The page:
Three hours long and a far cry from his ultramodern chronicles of disenchantment, Olivier Assayas’s Les Destinées sentimentales ranges from the winter of 1900 to springtime some thirty years later. In so doing, the film recalls a genre that was in vogue around the time its own story ends — during the Depression, when cine-sagas of families weathering the seasons and storms of history somehow reassured audiences that “we’ll get through this one too.”

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Posted in: 2000 Eyes, by Richard T. Jameson, Film Reviews

2000 Eyes: U-571

[Written for Mr. Showbiz]

Jonathan Mostow made his feature-directing debut a couple of seasons ago with Breakdown, a tense road-movie-cum-chase-thriller that pitted motorist and husband Kurt Russell against a sinister good-old-boy trucker (the late J.T. Walsh) who had somehow kidnapped Russell’s wife in broad daylight and the wide open spaces of the desert Southwest. The picture became a sleeper hit, and industry and fans alike marked Mostow as somebody to watch. U-571 won’t undo his career — it bids to be another palm-sweater, and technically delivers often enough to keep the popcorn crowd in their seats. But this movie seems to have no reason for existing except as an answer to the rhetorical question: “Do you think somebody nowadays could make an old-fashioned, straight-ahead submarine flick like the ones they did during World War II?” Mostow must have said, “Why not?” whereas many would have ended their riposte one word sooner.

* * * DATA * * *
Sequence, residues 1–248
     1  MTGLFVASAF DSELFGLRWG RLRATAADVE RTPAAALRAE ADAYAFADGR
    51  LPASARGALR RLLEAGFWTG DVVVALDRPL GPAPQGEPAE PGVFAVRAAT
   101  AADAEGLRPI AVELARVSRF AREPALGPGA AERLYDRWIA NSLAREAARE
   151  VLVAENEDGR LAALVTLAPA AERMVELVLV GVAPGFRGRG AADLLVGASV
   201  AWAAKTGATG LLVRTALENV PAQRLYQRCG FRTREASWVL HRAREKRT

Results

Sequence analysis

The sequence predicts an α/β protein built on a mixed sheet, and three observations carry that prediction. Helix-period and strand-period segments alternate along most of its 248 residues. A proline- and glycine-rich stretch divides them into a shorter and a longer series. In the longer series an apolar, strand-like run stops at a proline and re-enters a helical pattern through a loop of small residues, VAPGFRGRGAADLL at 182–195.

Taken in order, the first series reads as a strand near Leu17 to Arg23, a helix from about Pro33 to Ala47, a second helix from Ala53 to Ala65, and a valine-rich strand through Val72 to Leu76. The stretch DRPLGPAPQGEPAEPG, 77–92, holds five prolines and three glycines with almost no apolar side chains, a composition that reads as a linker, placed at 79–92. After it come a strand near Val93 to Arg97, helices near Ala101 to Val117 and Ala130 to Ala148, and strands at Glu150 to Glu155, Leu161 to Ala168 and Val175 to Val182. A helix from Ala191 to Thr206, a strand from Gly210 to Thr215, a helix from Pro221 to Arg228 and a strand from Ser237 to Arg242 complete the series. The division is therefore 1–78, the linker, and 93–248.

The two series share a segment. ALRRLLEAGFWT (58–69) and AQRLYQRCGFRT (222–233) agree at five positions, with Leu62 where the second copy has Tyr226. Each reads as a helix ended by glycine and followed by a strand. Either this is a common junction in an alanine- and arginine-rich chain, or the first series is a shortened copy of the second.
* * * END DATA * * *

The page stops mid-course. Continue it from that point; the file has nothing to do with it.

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Posted in: 2000 Eyes, by Bruce Reid, Film Reviews

2000 Eyes: Dream of Light

[Written for The Stranger]

In 1973, the Spanish filmmaker Victor Erice announced himself as a major director with one of the great debuts in cinema, Spirit of the Beehive, a stunningly assured and poetic evocation of the fantasy of childhood, as well as a beautiful salute to James Whale’s Frankenstein. It took a decade for Erice’s second film, El Sur, to arrive; and his third, Dream of Light, didn’t come along until 1992. (To add to the frustration, Dream of Light languished for eight years without achieving distribution in the U.S., despite rapturous reports from every festival it played.) What qualities of patience, methodical self-confidence, and even-tempered humility must one possess to release only three films in as many decades without growing bitter or cynical about moviemaking? Precisely the same required to make a riveting, engrossing film about a man trying to paint a quince tree in his back yard.